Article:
Beyond through-the-web dexterity types

by Jamie Lentin on Jul 05, 2011

One of the impressive features of Dexterity is the ability to define content types through the web. However, the editor can only configure so much. We can do a lot more if we don't mind editing the configuration directly.

In a Dexterity FTI, you can specify the schema one of three ways:-

  • schema: A dotted name to an interface describing the type written in Python, as described in the developer manual.
  • model_source: An XML string representing the type. This string is generated and updated by the TTW editor. When exporting the FTI, this string will be escaped XML.
  • model_file: A path to an XML file representing the type.

Whilst developing sites we have found it useful to start off with TTW editing of types whilst prototyping what we want, then export the XML ("Export Schema Profiles" in the dexterity control panel) and add it to our sites' product. We can then empty the model_source property in the FTI and add a model_file property:-

<property name="model_file">shuttlethread.farmyard.models:animal.xml</property>

Plone.supermodel XML files

So what can you add into this XML document? In short, the plone.supermodel XML schema allows you to define a set of schemas, which approximate what you would be doing within a Python interface definition. Schemas can be named or anonymous, most of the time we will have a single anonymous schema in a file. Here is a simple example that defines three fields.

<?xml version="1.0"?>
<model xmlns="">
<!-- Schema for the animal type -->
<field name="species" type="zope.schema.TextLine">
<description />
<field name="feeding_notes" type="">
<description />
<title>Feeding Notes</title>
<field name="passport_photo" type="plone.namedfile.field.NamedBlobImage">
<description />
<title>Passport Photo</title>

The doctest for plone.supermodel goes into more detail about what's possible, and is a useful read.

Customisation cookbook

The following is a collection of useful snippets that can be plonked into your model files.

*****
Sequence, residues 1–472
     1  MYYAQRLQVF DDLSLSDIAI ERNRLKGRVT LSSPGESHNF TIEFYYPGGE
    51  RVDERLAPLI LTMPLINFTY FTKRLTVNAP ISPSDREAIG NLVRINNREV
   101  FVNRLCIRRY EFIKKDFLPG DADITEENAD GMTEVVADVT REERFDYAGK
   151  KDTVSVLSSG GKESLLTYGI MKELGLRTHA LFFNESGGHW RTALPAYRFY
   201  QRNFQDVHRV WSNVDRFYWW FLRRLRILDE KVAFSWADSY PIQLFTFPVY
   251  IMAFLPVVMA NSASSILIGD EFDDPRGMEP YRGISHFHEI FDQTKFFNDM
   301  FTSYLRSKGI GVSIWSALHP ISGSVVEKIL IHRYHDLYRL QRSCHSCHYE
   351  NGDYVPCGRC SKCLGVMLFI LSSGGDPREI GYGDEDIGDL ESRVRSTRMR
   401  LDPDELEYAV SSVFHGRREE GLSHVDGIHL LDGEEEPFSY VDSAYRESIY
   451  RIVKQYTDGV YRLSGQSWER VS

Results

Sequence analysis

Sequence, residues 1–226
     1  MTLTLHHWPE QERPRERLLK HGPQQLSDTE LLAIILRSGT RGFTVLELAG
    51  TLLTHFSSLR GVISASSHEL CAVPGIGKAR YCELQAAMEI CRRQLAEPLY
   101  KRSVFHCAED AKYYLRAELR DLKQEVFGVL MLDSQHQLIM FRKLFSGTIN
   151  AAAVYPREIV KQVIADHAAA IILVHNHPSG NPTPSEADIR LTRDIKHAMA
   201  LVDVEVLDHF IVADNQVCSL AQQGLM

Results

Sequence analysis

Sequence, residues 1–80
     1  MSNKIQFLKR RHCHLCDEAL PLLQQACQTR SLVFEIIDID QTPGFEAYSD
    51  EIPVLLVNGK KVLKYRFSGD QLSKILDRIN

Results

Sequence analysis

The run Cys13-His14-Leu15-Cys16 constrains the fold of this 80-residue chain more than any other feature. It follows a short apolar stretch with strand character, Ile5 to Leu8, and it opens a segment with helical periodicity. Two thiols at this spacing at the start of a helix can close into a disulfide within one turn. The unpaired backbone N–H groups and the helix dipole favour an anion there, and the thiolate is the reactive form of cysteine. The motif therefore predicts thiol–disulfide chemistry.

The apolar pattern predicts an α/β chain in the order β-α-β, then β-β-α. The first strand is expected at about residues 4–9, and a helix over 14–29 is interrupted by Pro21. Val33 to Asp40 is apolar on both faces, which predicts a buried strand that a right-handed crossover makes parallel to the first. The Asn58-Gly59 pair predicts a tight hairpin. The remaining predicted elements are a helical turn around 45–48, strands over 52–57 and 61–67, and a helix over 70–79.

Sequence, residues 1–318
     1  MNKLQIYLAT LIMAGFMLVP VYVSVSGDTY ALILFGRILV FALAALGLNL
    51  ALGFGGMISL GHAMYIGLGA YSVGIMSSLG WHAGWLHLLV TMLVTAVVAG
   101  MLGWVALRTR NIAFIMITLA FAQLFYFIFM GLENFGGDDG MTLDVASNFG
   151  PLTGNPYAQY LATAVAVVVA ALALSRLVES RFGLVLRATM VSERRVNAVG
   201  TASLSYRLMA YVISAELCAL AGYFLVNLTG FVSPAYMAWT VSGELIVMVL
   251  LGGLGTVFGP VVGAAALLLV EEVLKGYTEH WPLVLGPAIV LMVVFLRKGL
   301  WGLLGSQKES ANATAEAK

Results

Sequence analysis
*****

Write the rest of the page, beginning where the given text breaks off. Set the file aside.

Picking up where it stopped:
Choosing different widgets

Generally the default widget for a field is enough, however in some cases there is a selection. One example is a Choice field. Normally rendered with a drop-down select box, if there are only a few options then radio buttons might be more appropriate.

. . . .
<field name="work_permit" type="zope.schema.Choice"
<title>Do you require a work permit to work in the United Kingdom?</title>

Specifying a list of a field type

You may want to have a list of items, which can be created by using a zope.schema.List field like this:-

    <field name="things" type="zope.schema.List">
<title>Things in the field</title>
<value_type type="zope.schema.Text">

The value_type can also be a zope.schema.Object, in which case the list can group multiple fields.

<field name="employment" type="zope.schema.List">
<value_type type="zope.schema.Object">
<title>Employment Detail</title>

Unfortunately the schema has to be a reference to a python interface, for now at least.

Using an uploaded file to name the item

If you are creating a type that is mostly a container for a file, then it may be more sensible to get the name from the file, rather than enforce users to type in a title also. Firstly you need to add the INameFromFileName behaviour within your types FTI:-

<property name="behaviors">
. . .
<element value=""/>

Then you need to set one of your fields to be primary, which will be where the title is derived from. In your schema:-

<model xmlns=""
. . .
<field name="image" type="plone.namedfile.field.NamedBlobImage"
<title>Background image</title>

Arranging fields into fieldsets or tabs

When editing content, available fields are arranged into tabs (or a dropdown, if there's over a certain threshold). You can use tabs to arrange your own fields by grouping them in fieldset nodes. Either use an existing name to add them to a tab, or use a new name to create a new tab.

<model xmlns=""
<fieldset name="settings" label="Settings">
<field> ... </field>
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